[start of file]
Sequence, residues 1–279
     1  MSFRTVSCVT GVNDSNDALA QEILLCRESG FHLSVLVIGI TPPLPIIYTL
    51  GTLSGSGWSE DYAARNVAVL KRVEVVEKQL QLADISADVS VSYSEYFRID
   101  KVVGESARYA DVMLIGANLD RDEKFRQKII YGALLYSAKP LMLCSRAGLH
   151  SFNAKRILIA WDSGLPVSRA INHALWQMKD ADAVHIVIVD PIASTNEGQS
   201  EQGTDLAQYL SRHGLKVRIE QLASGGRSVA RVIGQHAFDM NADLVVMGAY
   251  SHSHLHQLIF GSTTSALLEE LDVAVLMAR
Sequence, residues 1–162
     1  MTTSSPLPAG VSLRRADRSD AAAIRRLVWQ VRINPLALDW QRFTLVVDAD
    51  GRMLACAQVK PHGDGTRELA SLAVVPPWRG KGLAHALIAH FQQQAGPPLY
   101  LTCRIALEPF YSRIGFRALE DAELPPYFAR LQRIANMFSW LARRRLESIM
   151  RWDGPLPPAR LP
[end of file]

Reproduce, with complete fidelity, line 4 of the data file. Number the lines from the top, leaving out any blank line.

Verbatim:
   101  KVVGESARYA DVMLIGANLD RDEKFRQKII YGALLYSAKP LMLCSRAGLH